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Will SSDI Cost-of-living Increase Be a Casualty of the Fiscal Cliff?

Posted on Dec 15, 2012

The “fiscal cliff” refers to changes under the Budget Control Act of 2011 that are scheduled to take effect at midnight on December 31, 2012—including across-the-board spending cuts, the end of certain tax cuts and the start of taxes related to the health care reform law. If U.S. lawmakers cannot agree on an alternative plan, and thus far the two parties have not been able to do so, these changes will take effect as we head into the new year.

The Republican Party would like to avert the “fiscal cliff” by reducing government spending. One of the casualties included in the Republican plan is the cost-of-living adjustment for Social Security beneficiaries. According to NPR, the Republicans argue that the inflation adjustment used in calculating cost-of-living increases for federal benefits such as SSDI overstates the actual impact of inflation.

Apparently they believe that a $19-per-month cost-of-living increase for the average Social Security disability recipient is overly generous. Meanwhile, unless they vote against it, members of Congress are set to automatically receive an annual pay increase in 2013 of as much as approximately $1,900 each.

Cost-of-living adjustments to Social Security benefits were first made in 1975. These adjustments are based on inflation as measured by the Consumer Price Index. The CPI essentially measures inflation as the cost of a basket of goods. NPR explained that some economists believe that a different index better reflects actual consumer behavior. That index, referred to as the chained CPI, takes into account the fact that consumers typically substitute lower-cost items for those that increase substantially in price. For example, if the price of fresh fruit rises dramatically, people will replace the fresh fruit in their “basket” with canned or frozen fruit or something else that costs less.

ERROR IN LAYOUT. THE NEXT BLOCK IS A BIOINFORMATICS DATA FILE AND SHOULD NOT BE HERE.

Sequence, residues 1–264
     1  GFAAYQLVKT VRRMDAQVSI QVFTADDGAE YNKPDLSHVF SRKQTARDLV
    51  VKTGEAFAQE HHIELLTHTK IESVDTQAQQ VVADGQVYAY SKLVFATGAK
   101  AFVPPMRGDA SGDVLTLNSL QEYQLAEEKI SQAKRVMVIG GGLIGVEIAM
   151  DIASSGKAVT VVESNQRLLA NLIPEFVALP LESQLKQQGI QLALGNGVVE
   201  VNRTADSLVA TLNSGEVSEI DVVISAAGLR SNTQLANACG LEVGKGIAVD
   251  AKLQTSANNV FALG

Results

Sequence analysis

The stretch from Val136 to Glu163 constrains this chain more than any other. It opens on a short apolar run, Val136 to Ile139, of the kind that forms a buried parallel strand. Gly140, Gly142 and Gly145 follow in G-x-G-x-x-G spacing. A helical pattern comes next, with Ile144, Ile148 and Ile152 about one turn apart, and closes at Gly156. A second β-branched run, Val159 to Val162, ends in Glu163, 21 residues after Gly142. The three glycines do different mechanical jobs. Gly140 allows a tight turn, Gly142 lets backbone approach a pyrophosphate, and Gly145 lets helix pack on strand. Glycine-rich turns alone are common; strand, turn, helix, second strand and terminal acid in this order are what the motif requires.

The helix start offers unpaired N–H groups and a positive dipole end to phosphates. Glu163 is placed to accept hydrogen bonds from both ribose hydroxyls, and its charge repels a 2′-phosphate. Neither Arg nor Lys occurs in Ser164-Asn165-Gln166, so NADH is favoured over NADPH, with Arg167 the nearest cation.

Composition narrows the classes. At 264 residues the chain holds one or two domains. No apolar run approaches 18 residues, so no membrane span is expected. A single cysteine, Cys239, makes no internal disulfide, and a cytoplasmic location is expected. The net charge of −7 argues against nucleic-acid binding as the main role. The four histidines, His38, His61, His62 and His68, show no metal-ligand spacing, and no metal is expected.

On the surface, the difference between the cost-of-living adjustment using the CPI versus the chained CPI would appear to be minimal for the average person receiving Social Security benefits, with the cost-of-living increase being only slightly less when the chained CPI calculation is used. But, in the case of someone who receives benefits for two or three decades or longer, the cumulative effect, along with compounding, could amount to a relatively significant reduction in benefits.

Congressional Democrats and seniors' groups, including AARP, maintain that the chained CPI underestimates inflation costs for seniors and other people who spend more on health care than the average person does, because health care costs increase at a rate that exceeds general inflation.

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John L. Keefe
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